When you create an invention built to save lives, testing is without a doubt an important aspect of product design and production. That was no different when it came to creating the modern body armor that we know as the bulletproof vest. Richard Davis revolutionized wars and fighting forever when he took kevlar and turned it into a lightweight vest. Davis’s design turned into the body armor we know today, that police officers and troops wear into combat today. So how did he test such an invention? And how was it invented by a pizza guy from Detroit?
Well first off, just ask yourself what would you invent if you were tired of being shot at when delivering pizza. Most likely you would create something that keeps you safe while doing your job. Body armor has of course been around for as long as war itself exists. Of course, once guns and grenades became the weapon of choice, metal plates no longer made any sense.
During World War II the British Army was using nylon with manganese steel plates, it kind of worked but it weighed heavily at 22lbs. And it was not comfortable at all, still, this was the type of armor used in the Vietnam War also as it was sort of effective. Richard Davis served in the U.S. Marine Corps and when he finished his army career, he opened up a pizzeria.
One night a delivery took him out of his neighborhood and into a back alley, suddenly he was held up by gunpoint and robbed. Weeks later the same order and address came in, this time he took his .22 revolver with him. A gunfight broke out and Davis took a shot into his leg and another even grazed his temple. He left his attackers wounded also, and while he was recovering it appears they burnt his pizzeria down. He only had $70 to his name when he came out of the hospital.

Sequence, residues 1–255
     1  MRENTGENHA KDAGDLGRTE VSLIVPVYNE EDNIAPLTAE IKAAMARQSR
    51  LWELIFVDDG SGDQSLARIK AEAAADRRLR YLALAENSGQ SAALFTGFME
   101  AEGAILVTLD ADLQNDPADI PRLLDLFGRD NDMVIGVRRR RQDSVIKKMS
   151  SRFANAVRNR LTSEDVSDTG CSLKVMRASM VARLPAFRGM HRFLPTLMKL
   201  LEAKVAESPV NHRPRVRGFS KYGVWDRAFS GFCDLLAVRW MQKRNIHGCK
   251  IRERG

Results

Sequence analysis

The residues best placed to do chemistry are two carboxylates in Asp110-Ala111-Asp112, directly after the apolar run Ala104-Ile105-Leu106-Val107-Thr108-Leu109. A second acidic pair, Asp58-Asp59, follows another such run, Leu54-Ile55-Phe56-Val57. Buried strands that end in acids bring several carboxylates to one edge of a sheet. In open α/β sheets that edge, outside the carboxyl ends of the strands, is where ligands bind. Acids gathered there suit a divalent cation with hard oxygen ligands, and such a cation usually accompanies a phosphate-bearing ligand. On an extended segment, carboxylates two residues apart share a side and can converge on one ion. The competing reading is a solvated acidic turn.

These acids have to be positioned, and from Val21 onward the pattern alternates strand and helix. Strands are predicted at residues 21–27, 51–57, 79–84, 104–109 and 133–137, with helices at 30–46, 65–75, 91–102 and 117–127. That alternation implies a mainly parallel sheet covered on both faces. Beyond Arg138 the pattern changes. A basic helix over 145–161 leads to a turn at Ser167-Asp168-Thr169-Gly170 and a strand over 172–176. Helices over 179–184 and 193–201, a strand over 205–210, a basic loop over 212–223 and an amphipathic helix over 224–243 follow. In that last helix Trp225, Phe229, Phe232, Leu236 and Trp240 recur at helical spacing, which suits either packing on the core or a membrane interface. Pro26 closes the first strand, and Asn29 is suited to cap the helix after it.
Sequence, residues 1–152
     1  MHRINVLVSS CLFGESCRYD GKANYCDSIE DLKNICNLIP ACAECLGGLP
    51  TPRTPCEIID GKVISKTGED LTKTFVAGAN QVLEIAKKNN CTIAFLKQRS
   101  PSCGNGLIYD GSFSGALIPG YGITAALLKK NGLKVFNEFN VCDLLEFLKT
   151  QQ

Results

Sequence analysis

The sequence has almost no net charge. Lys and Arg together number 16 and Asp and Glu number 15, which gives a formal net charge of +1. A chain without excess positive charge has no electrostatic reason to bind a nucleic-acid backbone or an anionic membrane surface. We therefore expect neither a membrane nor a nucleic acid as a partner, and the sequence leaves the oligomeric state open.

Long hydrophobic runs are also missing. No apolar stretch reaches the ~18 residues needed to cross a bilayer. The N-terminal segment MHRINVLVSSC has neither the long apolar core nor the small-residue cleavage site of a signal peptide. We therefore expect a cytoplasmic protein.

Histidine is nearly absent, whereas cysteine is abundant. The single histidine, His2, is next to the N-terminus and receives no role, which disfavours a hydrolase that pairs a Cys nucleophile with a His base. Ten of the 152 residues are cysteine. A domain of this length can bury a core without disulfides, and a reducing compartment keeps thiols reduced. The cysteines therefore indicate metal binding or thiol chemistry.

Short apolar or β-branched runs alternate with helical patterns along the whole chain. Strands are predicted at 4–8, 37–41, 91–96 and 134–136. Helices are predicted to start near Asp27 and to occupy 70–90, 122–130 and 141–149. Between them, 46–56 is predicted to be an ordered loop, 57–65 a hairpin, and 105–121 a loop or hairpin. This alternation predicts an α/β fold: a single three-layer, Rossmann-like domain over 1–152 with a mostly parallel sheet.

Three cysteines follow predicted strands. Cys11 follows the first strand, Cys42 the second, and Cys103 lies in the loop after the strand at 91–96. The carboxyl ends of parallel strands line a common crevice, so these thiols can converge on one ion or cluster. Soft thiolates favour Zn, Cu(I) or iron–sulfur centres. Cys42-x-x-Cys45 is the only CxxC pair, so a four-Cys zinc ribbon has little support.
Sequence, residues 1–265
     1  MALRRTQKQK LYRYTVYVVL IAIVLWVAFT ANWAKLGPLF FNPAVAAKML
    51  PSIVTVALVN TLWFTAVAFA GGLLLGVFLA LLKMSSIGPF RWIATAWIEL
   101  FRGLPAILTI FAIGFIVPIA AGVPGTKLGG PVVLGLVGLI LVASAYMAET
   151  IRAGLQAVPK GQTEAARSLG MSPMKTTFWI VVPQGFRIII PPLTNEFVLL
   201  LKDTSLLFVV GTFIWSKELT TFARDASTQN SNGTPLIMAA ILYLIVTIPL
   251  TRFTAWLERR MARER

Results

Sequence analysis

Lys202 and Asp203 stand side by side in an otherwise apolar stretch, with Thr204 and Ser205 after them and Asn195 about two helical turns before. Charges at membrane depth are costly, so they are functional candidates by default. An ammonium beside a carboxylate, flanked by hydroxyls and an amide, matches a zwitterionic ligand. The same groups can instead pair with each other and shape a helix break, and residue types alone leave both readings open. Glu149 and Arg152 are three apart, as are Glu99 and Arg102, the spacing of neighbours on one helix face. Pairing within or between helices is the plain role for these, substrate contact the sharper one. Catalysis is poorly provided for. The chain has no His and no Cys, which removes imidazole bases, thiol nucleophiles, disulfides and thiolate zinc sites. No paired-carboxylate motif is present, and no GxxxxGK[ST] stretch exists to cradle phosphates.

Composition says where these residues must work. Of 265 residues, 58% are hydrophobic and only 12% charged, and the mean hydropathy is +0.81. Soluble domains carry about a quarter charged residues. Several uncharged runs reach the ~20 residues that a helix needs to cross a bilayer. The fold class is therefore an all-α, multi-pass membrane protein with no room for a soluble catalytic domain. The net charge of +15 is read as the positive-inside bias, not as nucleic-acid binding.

Kevlar a super-strong synthetic fabric had just been invented and Davis was able to get his hands on some. He turned it into a vest and worked on them all day, at night he would go out and attempt to sell them to police officers. He called it the Second Chance vest, but he was finding it difficult to sell the product.
So he staged the ultimate marketing scheme and gathered up the police for a demonstration. He then proceeded to shoot himself in the chest, despite the fest never having been tested at all. It worked like a charm, sure it hurt, but Davis was fine. His pitch was so well down that the police immediately proceeded to order a whole batch. And variations of his design are still used today.